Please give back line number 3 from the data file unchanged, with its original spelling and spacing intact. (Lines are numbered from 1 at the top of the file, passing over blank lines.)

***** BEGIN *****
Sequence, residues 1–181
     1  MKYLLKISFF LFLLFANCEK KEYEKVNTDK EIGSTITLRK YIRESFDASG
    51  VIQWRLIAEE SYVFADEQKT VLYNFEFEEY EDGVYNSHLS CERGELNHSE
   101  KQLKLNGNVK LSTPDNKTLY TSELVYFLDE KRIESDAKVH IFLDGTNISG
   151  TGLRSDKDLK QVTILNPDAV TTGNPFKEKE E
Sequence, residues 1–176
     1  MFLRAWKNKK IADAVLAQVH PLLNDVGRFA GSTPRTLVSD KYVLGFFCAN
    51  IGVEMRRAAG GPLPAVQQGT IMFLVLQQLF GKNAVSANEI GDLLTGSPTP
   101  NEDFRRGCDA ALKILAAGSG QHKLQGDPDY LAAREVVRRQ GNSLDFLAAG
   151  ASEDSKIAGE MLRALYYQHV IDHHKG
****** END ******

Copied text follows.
    51  VIQWRLIAEE SYVFADEQKT VLYNFEFEEY EDGVYNSHLS CERGELNHSE